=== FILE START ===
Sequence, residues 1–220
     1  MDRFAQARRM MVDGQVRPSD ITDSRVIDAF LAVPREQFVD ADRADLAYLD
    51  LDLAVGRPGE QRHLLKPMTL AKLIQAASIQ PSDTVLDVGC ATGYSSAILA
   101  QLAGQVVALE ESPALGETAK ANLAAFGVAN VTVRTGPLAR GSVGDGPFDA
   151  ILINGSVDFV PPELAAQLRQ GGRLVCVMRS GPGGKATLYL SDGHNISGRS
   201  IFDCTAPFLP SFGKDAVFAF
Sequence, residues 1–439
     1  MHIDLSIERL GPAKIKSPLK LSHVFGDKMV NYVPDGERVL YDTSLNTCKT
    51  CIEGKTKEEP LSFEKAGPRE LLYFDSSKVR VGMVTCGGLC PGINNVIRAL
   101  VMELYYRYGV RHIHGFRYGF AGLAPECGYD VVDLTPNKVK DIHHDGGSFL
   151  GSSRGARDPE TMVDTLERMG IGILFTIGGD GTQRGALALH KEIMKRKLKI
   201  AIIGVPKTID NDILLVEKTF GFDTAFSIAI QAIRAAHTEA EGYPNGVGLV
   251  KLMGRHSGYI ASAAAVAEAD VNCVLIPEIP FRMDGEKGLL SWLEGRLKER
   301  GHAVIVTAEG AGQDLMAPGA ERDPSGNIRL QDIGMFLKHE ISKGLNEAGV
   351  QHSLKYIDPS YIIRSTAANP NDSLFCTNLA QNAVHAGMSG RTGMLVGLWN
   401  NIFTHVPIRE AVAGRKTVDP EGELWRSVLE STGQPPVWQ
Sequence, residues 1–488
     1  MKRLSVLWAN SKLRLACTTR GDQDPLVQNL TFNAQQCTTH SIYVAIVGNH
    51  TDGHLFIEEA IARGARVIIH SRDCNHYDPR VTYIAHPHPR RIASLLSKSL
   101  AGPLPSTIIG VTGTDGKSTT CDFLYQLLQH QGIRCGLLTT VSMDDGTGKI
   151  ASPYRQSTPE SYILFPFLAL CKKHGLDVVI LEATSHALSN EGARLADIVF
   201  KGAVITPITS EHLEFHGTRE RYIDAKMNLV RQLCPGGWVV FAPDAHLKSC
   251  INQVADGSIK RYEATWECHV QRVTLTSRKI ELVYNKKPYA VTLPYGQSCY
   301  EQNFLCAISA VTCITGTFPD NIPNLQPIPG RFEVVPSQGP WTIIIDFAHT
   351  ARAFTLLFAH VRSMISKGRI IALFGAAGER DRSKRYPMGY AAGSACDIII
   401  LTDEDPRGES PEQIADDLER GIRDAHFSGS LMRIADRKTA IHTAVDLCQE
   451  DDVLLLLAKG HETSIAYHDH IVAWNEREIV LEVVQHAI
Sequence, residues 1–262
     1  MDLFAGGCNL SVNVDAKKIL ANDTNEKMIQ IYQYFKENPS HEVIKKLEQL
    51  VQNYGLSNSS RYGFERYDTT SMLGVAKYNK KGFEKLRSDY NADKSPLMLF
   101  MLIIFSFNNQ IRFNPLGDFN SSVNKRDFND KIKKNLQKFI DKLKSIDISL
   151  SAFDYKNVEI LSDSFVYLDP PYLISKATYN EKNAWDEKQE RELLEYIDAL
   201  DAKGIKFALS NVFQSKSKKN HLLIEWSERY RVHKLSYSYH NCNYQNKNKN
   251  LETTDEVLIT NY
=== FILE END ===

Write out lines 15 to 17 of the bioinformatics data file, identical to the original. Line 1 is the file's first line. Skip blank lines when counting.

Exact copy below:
   351  QHSLKYIDPS YIIRSTAANP NDSLFCTNLA QNAVHAGMSG RTGMLVGLWN
   401  NIFTHVPIRE AVAGRKTVDP EGELWRSVLE STGQPPVWQ
Sequence, residues 1–488